Missing family found, survive night in Everglades

Missing family found in Everglades: An Ohio family of five spent the night on an airboat in the Everglades. Their airboat got stuck but the family was found Friday safe, and unharmed.

 An Ohio family spent a rainy, anxious night in the vast Florida Everglades when their airboat became stuck in vegetation so thick rescuers could not see them from the ground. Fortunately, the searchers could hear them.

The Schreck family was found safe Friday when rescuers heard them blowing whistles and an air horn. The father, an avid outdoorsman, said he simply took a wrong turn and got stuck.

"Took a right and couldn't get the boat turned around," Scott Schreck, 44, told reporters after he and his family were brought back to dry land. "This is the first time I've been out here, so obviously I'm a novice on this body of water. Not the thing to do."

The family was spotted by a helicopter and eventually rode back to land on the airboat with rescuers.

"We weren't able to see them, we were only able to hear them," Florida Fish and Wildlife Conservation Commission spokesman Jorge Pino said. "They are in good condition."

Officials abandoned a plan to hoist the family into a helicopter because of bad weather.

In addition to Scott Schreck, the family includes his 42-year-old wife, Carrie, and three young boys, who were on spring break from Seville, Ohio. They launched the airboat, borrowed from a friend, Thursday morning in extreme western Miami-Dade County but did not return by nightfall.

Law enforcement, fire rescue and wildlife agencies launched a massive search, using helicopters, airplanes and at least six airboats. The area covered some 1,000 square miles in three South Florida counties north of Everglades National Park. It is covered in tall, sharp-edged sawgrass and dark cypress tree stands that limit visibility.

It's also home to alligators, Florida panthers, bears, mosquitos, snakes, turtles, a vast array of birds and fish. Finding anyone lost in such conditions is a challenge, said Miami-Dade Fire Rescue spokesman Lt. Arnold Piedrahita Jr. The boat was painted in camouflage, making it even harder to find.

"It's like looking for a needle in a haystack," he said.

Although wet and cold, the family appeared to be in good health even after spending the night in the wilderness, which was swept by strong thunderstorms Thursday and more rain Friday. They were checked out by paramedics on shore as a precaution.

Before they got lost, Schreck said they fished for bass and took photos of alligators. After the boat got stuck, Schreck said he built a makeshift lean-to to provide shelter from rain, fired off a flare in the night and had plenty of food and water on hand. The boys slept, he said, but he and his wife did not.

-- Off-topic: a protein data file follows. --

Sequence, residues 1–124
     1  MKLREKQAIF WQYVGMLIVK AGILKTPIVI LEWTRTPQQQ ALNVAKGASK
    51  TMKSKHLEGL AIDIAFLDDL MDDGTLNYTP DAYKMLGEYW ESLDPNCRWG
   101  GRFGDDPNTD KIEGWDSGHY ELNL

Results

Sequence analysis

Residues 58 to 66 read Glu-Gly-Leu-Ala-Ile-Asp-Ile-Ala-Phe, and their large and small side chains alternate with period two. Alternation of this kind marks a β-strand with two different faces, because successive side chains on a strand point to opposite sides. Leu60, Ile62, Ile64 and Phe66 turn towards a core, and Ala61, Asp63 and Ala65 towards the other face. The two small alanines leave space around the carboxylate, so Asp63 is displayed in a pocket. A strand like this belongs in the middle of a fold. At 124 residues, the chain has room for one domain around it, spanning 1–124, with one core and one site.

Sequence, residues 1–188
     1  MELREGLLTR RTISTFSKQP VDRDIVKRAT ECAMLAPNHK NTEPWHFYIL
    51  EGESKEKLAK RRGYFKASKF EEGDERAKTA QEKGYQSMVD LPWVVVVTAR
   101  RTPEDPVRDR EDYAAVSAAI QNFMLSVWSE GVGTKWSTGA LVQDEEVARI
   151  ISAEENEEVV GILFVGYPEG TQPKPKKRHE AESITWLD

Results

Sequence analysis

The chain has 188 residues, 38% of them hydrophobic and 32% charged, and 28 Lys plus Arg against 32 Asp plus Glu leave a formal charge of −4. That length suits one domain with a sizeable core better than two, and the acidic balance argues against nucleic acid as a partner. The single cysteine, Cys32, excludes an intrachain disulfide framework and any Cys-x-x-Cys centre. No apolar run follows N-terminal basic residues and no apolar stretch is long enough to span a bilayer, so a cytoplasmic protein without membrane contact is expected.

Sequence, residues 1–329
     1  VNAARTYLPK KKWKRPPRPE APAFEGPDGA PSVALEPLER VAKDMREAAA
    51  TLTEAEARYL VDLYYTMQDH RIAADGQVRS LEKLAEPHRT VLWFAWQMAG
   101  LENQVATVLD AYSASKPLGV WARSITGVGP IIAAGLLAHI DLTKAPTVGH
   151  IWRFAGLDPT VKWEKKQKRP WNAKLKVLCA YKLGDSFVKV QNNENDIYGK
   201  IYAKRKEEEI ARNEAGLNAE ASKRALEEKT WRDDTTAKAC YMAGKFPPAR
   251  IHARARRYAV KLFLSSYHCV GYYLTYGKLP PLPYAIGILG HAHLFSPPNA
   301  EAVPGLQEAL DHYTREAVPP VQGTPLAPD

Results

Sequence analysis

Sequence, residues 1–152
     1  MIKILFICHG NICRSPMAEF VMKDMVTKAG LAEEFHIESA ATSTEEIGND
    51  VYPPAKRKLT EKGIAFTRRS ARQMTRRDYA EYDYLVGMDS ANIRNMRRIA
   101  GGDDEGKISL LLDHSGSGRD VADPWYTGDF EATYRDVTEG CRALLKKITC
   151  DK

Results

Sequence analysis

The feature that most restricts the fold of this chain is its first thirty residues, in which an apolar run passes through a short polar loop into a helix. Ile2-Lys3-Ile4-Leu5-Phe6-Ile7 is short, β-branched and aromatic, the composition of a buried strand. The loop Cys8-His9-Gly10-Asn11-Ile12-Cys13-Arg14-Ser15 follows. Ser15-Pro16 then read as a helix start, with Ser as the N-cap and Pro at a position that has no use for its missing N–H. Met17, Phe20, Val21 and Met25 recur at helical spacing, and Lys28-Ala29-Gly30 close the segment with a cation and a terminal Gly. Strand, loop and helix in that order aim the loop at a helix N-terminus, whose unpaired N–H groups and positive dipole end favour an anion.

They began getting worried about their safety but then heard an airboat going back and forth in an obvious search pattern Friday, he said.

Pino said Schreck was a "savvy outdoorsman" who did the right thing by making as much noise as possible.

"If you get into that dense vegetation with an airboat, it's almost next to impossible to get out," he said.

Schreck is a golf pro who oversees three courses in northeast Ohio.

"I'm sure he would do it with a cool, calm manner and think of the best possible way to get out of the situation or to survive in a situation until help comes," said Dominic Antenucci, executive director of the Northern Ohio section of the PGA.

Mike Cavey, president of Granite Golf Properties which operates the courses, said Schreck is an experienced outdoorsman and fisherman who hunts ducks in northern Ohio marshes from an airboat.

"So it's not like a rookie going into the middle of the Everglades and doesn't know what he's doing," Cavey said.

___

Associated Press writer Tom Sheeran in Cleveland contributed to this story.

_____

Copyright 2013 The Associated Press.

You've read  of  free articles. Subscribe to continue.

Dear Reader,

About a year ago, I happened upon this statement about the Monitor in the Harvard Business Review – under the charming heading of “do things that don’t interest you”:

“Many things that end up” being meaningful, writes social scientist Joseph Grenny, “have come from conference workshops, articles, or online videos that began as a chore and ended with an insight. My work in Kenya, for example, was heavily influenced by a Christian Science Monitor article I had forced myself to read 10 years earlier. Sometimes, we call things ‘boring’ simply because they lie outside the box we are currently in.”

If you were to come up with a punchline to a joke about the Monitor, that would probably be it. We’re seen as being global, fair, insightful, and perhaps a bit too earnest. We’re the bran muffin of journalism.

But you know what? We change lives. And I’m going to argue that we change lives precisely because we force open that too-small box that most human beings think they live in.

The Monitor is a peculiar little publication that’s hard for the world to figure out. We’re run by a church, but we’re not only for church members and we’re not about converting people. We’re known as being fair even as the world becomes as polarized as at any time since the newspaper’s founding in 1908.

We have a mission beyond circulation, we want to bridge divides. We’re about kicking down the door of thought everywhere and saying, “You are bigger and more capable than you realize. And we can prove it.”

If you’re looking for bran muffin journalism, you can subscribe to the Monitor for $15. You’ll get the Monitor Weekly magazine, the Monitor Daily email, and unlimited access to CSMonitor.com.